Sea Kayak Trips in Yellowstone, Jackson Hole, Grand Teton Wyoming Kayaking and Canoeing – Sea Kayaking and Guided Fishing Trips, Eco Tours in Yellowstone National Park Kayak Trips in Yellowstone, Jackson Hole, Grand Teton Wyoming Kayaking and Canoeing – Sea Kayaking and Guided Fishing Trips, Eco Tours in yellowstone National Park

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Moose on the Loose

As we drove south into Grand Teton National Park, eight miles from the southern entrance of Yellowstone, the snow at the side of the road was often higher than the roof of our car. The fog and rain obscured any views of the Teton range when we arrived late in the afternoon at Signal Mountain Lodge, on the shore of Jackson Lake.

We were upgraded to a lakefront suite because the hotel had few guests and met our first moose when we left the nearby restaurant. It was feeding on a bush and oblivious to tourists and employees. A ranger soon arrived to make sure no one got too close. We saw many more moose during our two days in the park but missed sightings of a bear and her two cubs, feeding across the street from our hotel.

The next day dawned sunny and cold, and we gasped when we pulled back the curtains and saw the Grand Tetons. With no foothills, the jagged peaks rise from the valley, and the snow provided a sharp contrast to the rock. The tallest peak of what some call the Cathedral Group of five principal mountains is the Grand Teton, at 13,770 feet.

Grand Teton park, at 309,994 acres, is not large, and while the mountains are the top attraction, hikers, fishermen and boaters also are drawn to Jackson Lake and the Snake River. It is recommended that only experienced floaters go down the river alone, but several raft companies offer trips, and it can get crowded on warm summer days. On our 10-mile float trip, there was only one other couple in our 16-person raft, and we were the only craft on the fast-moving water. We dressed for winter, including gloves and hats, and enjoyed the eagles, ospreys, animals and historic highlights pointed out by our guide.

We later drove south to Moose Junction, site of the impressive Craig Thomas Discovery and Visitor Center, which opened in 2007. It includes many interactive exhibits and breathtaking views of the mountains. Nearby is Mormon Row, one of the most popular areas of the park — and some say more photographed than the mountain range. The stretch of historic barns built by Mormon homesteaders in the early 1900s are framed by the mountains and prairies.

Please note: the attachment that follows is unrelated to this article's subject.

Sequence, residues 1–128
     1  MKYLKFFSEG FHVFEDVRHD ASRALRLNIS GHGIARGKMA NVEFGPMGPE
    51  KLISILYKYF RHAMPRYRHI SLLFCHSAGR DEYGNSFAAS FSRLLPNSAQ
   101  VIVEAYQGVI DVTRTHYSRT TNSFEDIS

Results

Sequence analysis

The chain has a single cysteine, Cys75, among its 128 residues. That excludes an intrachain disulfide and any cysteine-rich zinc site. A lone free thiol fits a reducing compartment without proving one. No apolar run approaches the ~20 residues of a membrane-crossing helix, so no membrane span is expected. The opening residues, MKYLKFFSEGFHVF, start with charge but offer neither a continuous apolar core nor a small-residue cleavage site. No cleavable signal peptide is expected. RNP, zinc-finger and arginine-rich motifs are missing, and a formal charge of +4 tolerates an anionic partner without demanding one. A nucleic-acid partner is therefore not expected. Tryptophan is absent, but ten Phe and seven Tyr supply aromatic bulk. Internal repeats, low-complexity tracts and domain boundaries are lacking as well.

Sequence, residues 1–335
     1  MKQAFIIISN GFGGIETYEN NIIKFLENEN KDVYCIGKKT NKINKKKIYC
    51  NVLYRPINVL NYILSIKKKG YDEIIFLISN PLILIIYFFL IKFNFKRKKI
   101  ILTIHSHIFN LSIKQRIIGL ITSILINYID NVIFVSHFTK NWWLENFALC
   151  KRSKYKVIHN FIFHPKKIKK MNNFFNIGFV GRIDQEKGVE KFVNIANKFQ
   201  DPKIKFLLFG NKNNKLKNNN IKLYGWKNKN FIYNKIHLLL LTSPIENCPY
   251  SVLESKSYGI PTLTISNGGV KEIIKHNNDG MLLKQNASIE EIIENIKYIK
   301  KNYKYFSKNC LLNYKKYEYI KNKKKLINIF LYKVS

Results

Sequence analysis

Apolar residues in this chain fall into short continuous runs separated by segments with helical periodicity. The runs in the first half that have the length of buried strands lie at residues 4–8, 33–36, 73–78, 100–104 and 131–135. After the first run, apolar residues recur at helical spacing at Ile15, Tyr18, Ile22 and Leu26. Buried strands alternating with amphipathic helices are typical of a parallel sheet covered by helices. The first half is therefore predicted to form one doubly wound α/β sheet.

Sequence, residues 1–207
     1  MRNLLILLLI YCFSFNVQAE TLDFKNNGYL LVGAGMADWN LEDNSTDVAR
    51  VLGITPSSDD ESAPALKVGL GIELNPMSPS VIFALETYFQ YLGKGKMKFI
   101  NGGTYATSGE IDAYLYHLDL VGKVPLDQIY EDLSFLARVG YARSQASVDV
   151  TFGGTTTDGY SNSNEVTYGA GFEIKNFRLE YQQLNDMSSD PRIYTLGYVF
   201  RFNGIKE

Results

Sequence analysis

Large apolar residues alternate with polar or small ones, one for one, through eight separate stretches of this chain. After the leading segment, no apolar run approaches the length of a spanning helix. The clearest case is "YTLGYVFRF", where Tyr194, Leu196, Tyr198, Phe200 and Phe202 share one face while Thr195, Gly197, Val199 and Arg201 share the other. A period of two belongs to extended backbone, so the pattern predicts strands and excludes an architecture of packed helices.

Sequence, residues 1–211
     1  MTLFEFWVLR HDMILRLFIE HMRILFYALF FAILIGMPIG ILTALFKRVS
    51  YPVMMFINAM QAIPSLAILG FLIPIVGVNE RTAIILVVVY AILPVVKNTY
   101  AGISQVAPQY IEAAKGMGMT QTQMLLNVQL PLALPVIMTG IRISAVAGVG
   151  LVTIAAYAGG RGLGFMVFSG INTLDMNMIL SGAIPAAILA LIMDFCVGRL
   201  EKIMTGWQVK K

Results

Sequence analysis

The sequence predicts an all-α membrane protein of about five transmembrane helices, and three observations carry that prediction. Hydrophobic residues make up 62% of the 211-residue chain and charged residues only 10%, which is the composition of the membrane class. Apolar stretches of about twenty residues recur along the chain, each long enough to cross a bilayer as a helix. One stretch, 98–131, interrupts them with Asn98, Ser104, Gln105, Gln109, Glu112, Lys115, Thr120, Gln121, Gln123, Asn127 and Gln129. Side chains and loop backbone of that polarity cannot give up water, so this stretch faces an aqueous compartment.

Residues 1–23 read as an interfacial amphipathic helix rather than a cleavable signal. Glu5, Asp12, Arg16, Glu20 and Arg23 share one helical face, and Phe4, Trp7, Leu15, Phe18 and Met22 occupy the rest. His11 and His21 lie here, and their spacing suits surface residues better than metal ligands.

While a boat ride and trail to a waterfall were closed because of snow and ice at usually crowded Jenny Lake, we were entertained by a large bull moose feeding in the nearby woods. More moose were grazing in the fields off the deck of the Jackson Lake Lodge. While the lodge is not as architecturally pleasing as the historic inns in Yellowstone, its second-floor lobby’s massive picture windows frame the Teton range.

We did not drive to Jackson, Wyo., five miles south of the southern boundary of Grand Teton. Instead we headed north, back to Yellowstone, lured by the geysers, the wildlife and all the attributes that led us to understand why its original nickname — Wonderland — is so apt.


Eagles, Wolves and Waterfalls

The east side of Yellowstone National Park is known for its fertile valleys, the Yellowstone River and Yellowstone Lake.

In late May, the waterfalls in the Grand Canyon of the Yellowstone are roaring, and the overlooks had just opened the day we were there. While we could only view the canyon, which has many hiking trails from above, we saw eagles and other raptors flying to their nests.

Snow-covered fields along the road provided the perfect contrast to see a wolf in the distance. There are several wolf packs in the park, and they have proliferated since several dozen were captured in Canada and turned loose in 1995. But they are usually viewed only at dawn as they cross the valleys.

Throughout the park, there is still evidence of the 1988 forest fire, the worst in its history, which burned nearly 800,000 acres. Burned-out trees remain standing in many locations, while new lodgepole pines grow near them.

Yellowstone Lake was frozen, which made it difficult to admire its beauty and size — 132 square miles with a shoreline of 141 miles. But we did see open water at the West Thumb Geyser Basin at its south end, which includes hot pools that empty into the lake.